Religion and the Politics of Time: Holidays in France from Louis XIV through Napoleon

By Friguglietti, James | The Catholic Historical Review, October 2011 | Go to article overview

Religion and the Politics of Time: Holidays in France from Louis XIV through Napoleon


Friguglietti, James, The Catholic Historical Review


Religion and the Politics of Time: Holidays in France from Louis XIV through Napoleon. By Noah Shusterman. (Washington, DC: The Catholic University of America Press. 2010. Pp. xviii, 299. $74.95. ISBN 978-0-81321725-3.)

By the end of the Middle Ages, the Catholic Church controlled the calendar just as the liturgical year organized the daily lives of millions of ordinary individuals. In Noah Shusterman's words: "In Old Regime France, people perceived and understood the passage of time through a religious framework" (p. 57).

In this richly detailed study, a revised version of his doctoral dissertation completed at the University of California, Berkeley in 2004, the author examines the "politics of time" in the largest Catholic country of Europe over 175 years. Not only did the liturgical calendar with its fifty-two Sundays require attendance at Mass but also marked these as obligatory days of rest (fêtes chômées). It also mandated observance of various sacred holidays, most notably Easter and Christmas. Days devoted to local saints added to the proliferation of files chômées.

According to Shusterman, in the mid-l600s an average of thirty-three weekdays were religious holidays. By the end of the 1700s, however, this number had fallen to only eighteen (p. 38). Such a gradual reduction in holidays was achieved by bishops who recognized that idleness on such days of rest resulted in heavy drinking, debauchery, and even devil worship. In addition, excessive days of religious observance when labor was forbidden deprived poorer Frenchmen of income needed to support their families. Consequently, both religious and economic reasons induced bishops to reduce the number of holidays either by outright suppression or by transferring their celebration to a Sunday (p. 83).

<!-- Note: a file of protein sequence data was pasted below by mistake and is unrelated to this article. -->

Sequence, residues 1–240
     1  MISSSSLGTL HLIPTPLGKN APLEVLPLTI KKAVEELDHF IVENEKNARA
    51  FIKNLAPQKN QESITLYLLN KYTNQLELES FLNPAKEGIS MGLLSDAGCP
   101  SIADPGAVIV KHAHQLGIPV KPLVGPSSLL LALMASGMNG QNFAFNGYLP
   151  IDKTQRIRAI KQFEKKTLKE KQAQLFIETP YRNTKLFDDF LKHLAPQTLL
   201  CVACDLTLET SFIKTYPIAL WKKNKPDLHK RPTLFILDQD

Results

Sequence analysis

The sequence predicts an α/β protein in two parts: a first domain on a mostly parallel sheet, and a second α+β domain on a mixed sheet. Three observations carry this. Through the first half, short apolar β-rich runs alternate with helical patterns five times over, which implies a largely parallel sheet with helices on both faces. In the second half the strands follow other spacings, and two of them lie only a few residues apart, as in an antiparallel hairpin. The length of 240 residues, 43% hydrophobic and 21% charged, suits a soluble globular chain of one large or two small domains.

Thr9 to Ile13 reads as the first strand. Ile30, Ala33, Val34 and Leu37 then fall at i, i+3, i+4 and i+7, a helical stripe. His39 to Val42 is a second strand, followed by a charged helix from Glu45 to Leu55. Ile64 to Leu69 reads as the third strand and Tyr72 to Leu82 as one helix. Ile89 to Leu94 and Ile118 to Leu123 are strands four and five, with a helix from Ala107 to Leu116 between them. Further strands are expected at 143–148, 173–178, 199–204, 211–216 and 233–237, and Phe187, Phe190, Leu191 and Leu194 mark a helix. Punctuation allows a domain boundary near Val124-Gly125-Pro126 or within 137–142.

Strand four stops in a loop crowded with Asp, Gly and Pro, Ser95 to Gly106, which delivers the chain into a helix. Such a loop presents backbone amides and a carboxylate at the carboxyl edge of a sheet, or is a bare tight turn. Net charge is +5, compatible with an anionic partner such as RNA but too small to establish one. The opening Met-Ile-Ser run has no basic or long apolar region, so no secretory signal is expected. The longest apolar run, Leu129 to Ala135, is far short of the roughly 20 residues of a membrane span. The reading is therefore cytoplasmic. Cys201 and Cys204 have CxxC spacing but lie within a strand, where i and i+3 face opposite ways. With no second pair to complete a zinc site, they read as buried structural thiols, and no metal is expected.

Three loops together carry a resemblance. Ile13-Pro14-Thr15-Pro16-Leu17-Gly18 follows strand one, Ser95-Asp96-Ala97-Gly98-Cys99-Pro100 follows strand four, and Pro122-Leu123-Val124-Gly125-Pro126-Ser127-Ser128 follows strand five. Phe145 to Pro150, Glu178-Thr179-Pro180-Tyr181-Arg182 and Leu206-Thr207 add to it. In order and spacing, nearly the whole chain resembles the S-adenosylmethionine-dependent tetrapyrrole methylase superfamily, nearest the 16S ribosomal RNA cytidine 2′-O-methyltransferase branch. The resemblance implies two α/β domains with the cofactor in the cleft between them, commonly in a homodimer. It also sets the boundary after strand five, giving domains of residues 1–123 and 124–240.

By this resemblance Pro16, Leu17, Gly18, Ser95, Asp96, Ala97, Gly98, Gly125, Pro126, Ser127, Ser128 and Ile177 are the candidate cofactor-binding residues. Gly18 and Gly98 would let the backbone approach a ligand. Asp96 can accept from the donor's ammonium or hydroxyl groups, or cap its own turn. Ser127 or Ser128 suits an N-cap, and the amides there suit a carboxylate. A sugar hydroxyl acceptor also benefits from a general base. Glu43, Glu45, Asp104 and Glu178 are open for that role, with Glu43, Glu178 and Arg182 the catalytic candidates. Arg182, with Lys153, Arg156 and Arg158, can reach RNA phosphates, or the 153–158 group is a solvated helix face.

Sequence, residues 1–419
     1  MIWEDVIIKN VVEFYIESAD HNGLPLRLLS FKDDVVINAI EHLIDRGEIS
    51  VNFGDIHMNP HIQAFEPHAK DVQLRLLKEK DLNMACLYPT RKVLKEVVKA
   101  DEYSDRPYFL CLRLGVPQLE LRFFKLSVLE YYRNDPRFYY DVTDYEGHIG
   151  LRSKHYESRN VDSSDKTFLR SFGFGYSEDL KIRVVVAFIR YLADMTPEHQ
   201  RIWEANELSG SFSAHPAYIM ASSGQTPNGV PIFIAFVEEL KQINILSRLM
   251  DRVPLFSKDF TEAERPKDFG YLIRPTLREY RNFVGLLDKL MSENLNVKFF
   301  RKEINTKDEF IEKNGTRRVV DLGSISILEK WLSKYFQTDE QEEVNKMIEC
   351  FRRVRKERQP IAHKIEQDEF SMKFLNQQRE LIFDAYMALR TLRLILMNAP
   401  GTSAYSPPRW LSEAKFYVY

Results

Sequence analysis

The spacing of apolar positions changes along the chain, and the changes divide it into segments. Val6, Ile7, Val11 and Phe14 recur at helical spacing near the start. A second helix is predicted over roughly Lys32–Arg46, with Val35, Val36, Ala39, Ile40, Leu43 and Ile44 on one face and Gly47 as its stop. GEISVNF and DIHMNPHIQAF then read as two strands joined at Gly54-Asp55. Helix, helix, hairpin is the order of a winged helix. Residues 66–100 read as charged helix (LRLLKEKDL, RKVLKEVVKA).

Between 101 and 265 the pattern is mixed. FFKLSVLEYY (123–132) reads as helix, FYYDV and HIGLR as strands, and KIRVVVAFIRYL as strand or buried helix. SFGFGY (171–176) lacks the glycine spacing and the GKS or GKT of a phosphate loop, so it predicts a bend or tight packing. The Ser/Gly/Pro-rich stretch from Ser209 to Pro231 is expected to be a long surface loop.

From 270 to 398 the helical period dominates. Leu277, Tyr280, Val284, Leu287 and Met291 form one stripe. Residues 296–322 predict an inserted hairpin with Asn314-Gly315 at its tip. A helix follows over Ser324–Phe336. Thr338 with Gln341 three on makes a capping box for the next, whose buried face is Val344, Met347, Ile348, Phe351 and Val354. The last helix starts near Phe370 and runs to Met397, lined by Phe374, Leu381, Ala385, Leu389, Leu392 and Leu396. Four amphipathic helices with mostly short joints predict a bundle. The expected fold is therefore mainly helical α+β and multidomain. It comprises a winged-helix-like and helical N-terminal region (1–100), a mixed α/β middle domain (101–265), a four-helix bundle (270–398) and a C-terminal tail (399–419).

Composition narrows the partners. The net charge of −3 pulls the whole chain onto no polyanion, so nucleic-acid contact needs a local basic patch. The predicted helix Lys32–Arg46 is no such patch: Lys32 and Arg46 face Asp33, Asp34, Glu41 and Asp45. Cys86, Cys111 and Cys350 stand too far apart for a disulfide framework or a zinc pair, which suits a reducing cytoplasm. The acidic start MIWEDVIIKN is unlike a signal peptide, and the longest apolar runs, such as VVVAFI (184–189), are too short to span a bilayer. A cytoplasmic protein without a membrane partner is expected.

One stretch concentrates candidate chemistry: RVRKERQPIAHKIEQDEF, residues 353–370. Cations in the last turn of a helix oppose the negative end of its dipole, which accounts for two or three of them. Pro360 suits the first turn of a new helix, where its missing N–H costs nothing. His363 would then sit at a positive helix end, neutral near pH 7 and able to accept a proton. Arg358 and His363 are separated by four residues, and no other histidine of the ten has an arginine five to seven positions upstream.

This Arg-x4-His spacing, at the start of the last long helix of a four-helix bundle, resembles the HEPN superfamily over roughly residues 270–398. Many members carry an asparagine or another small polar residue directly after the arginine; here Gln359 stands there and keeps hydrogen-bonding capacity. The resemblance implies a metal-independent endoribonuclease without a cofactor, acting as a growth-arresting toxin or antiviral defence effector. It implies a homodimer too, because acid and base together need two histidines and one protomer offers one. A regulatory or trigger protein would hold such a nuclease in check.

But it was the Revolution of 1789, with its brutal assault on the Catholic Church, that instituted state control over the politics of time. During the Terror the republican government sought to replace the Catholic liturgical year with a new, secular calendar that would regenerate France while rationalizing time. This republican calendar, with its twelve equal months composed of three décades each, and a leap year of five or six days, brought the state into sharp conflict with traditional French society. …

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